And yet, I keep circling back to it.  I can’t figure out if I like it, baggage and all, or if there is just a general pressure from the exercising part of society that is biased toward running.  The thing I like about it is that I can exhaust myself in very little amount of time.  Because it’s hard for me, I often feel like I get a great workout from 15 minutes of running, or even run/walking.  I never can get myself to walk fast enough to feel that same way, even with double the amount of time.  And lately I feel like I’ve a little too gasp-y going up stairs.  So I’m leaning in the run/walk direction.  I have vague plans to run on Sunday mornings when we aren’t hiking.  We shall see what happens with those vague plans.

Standing desk.  I have one at work.  I haven’t been standing very much lately.  I walk in and think, “I’m too tired.”  Although I’m mostly not too tired.  I would like to at least start every day standing.

Here’s what I won’t do for the duration of this project.  I won’t buy a fit-bit or other tracking device, and I won’t track actual minutes exercised.  These tracking things tend to set me off on a very bad path.  Instead, I will have a vague framework in my head, and take things day by day.

So that’s where I am with exercise.

My 100 Days, post #1

YA author and Vlogger John Green decided to have a healthy mid-life crisis last year.  He and his best friend set out to develop healthy habits with exercise, meditation and diet.  Due to the magic of YouTube and John Green being a popular YouTuber, we all got to follow their progress. You can watch for yourself, if you want, by going here.

I find most things John Green does enjoyable and this series was no different.  However, the series went in a predictable way.  Experts were interviewed at the beginning and one of the recommendations was 30 minutes of moderate exercise daily.  Very little of the exercise in 100 Days was moderate in scope.  In what I think of as a very American way to go about exercise, nearly all of the workouts were intense, caused a lot of groaning and, in the early days, some dry-heaving by John.

I and several other people pointed out that the exercise that was happening wasn’t very moderate. The response was that they wanted to do more intensive exercise. John Green deals with OCD issues and found that an exhausting workout helped him a lot with his symptoms.

In the end, John Green found that he really loved exercise in a way he couldn’t have imagined when he began the project.  I enjoyed watching his progress, and found myself deciding to do my own 100 days project, tailored to what I think will work for me.

Like the original project, my 100 Days project will encompass exercise and meditation. Rather than diet, I will focus on food habits.  I plan to use the month of May to track where I am currently then begin my 100 days project on May 29, which will bring my project to a close on September 6. This is a project I would be better off doing during the winter, as summer is the time of the super me, and everything tends to be better, but no matter.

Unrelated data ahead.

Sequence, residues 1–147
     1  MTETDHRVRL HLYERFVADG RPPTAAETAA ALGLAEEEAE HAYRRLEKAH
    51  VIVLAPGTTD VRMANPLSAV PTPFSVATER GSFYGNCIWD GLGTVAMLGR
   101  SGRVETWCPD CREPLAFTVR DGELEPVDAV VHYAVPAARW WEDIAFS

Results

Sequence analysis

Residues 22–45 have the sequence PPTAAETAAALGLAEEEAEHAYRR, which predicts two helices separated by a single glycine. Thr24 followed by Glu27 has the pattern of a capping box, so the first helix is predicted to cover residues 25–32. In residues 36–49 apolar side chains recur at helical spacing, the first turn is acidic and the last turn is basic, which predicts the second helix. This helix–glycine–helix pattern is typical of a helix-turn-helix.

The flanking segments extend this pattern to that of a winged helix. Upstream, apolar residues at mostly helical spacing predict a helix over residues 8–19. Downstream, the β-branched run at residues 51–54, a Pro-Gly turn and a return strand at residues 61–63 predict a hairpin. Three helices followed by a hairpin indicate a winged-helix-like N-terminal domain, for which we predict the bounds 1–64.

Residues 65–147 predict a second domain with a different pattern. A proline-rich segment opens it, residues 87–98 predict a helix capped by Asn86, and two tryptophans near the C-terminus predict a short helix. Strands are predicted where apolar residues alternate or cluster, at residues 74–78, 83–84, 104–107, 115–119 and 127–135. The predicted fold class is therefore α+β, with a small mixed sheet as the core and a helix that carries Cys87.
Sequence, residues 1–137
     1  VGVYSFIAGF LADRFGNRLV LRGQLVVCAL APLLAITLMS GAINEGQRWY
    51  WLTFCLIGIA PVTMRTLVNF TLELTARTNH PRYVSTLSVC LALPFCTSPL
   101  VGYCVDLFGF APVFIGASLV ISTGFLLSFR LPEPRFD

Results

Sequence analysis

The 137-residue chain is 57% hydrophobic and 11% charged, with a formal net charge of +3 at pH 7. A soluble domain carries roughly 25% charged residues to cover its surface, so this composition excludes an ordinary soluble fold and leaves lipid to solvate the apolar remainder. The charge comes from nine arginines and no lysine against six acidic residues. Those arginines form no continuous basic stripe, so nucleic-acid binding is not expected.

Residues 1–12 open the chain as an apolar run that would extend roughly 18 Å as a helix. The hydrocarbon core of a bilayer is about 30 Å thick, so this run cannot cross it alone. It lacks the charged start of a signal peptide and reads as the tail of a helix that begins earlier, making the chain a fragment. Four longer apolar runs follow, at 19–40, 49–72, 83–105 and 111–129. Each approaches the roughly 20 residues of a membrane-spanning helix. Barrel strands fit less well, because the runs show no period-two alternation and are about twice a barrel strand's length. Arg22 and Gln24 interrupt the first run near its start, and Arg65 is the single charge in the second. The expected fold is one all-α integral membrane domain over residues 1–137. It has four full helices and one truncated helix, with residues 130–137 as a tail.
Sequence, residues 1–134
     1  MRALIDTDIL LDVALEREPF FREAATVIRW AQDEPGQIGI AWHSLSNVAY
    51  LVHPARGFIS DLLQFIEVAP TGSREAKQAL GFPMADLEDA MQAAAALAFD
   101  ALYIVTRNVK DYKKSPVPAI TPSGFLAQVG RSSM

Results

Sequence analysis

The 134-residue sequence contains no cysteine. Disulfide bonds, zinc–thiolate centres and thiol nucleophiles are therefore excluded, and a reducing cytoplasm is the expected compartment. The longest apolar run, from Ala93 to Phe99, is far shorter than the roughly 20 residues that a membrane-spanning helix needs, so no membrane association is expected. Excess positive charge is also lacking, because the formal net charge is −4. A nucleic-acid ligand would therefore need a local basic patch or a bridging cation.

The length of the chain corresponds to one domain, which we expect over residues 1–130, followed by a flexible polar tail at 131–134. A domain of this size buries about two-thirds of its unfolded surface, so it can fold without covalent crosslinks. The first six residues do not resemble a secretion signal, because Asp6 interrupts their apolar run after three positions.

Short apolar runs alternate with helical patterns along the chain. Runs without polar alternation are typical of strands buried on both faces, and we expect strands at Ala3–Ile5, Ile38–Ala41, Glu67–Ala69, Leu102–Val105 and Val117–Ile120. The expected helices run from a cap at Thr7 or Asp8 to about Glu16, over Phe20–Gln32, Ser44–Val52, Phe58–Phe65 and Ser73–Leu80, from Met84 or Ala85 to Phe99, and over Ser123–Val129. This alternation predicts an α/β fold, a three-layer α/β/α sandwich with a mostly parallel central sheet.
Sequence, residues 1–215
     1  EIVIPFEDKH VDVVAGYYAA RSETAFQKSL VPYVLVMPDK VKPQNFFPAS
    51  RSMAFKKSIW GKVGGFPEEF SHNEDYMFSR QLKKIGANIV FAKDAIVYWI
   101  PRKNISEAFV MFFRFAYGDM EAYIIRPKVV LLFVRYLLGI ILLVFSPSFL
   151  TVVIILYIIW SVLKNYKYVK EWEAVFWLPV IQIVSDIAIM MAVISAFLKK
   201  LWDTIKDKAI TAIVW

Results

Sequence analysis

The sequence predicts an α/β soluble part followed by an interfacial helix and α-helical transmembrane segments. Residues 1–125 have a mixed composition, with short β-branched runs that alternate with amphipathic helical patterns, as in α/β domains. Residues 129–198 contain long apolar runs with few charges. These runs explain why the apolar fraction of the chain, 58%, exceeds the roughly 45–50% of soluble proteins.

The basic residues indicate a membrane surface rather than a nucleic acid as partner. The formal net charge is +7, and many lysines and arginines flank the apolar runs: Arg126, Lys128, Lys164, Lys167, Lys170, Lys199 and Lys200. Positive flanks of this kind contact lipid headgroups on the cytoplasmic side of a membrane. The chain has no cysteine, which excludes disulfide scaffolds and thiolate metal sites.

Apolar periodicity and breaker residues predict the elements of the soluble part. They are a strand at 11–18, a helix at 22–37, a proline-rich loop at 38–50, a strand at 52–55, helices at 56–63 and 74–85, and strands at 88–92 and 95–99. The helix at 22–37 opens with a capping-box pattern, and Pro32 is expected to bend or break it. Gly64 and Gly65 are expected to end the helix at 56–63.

Between now and my first pre-100 days check-in post on April 30, look for posts on where I am right now with exercise, mediation and food habits.

Surgery day

Today is the day the boyfriend has a surgery to remove a growth on his head.  Here are all the things I brought along: my work computer, my phone, my tablet (Matt brought that so he could play games while he waited. But then I had to hold onto it while he was in surgery), two books, my camera (not pictured because it was taking the picture) and some tea.

It struck me that I had about $3000 worth of devices with me.  Yikes.

Some wild post-surgery hair.

His surgery went well and the lump is gone.  The patient is recovering.

REI Co-op Member #2

I don’t read the obituaries on a regular basis, but at times I’ll skim them.  What I have been doing for years, is match the birthdates of the current people listed in the obits with people in my life.  For many years, the people dying had birth years similar to my grandparents, 1908 and 1912.*  It’s now incredibly rare to find someone who was born in 1912, and the 1908 people have been out of the running for some time now.  Now I mostly find people my parents age, or my own age.

But here!  Mary Anderson!  Only one year younger than my grandfather, and three years older than my grandmother. What an exciting find!  As was the news that she was member #2 in the REI co-op.  My co-op number is much higher than hers.

*My other grandparents were born in 1898 and 1900, but by the time I started playing this game, everyone their age was more-or-less dead.

New Cap

In the 80s, when I swam on a summer swim team, the only caps available were made out of latex.  They were hard to get on by yourself because the latex would pull your hair. Putting them on involved two people.  I would hold the edge of the cap to my forehead and someone else would stretch the cap backward over my head.  They would hold it while I shoved my hair into the cap.  Then they could let the cap go.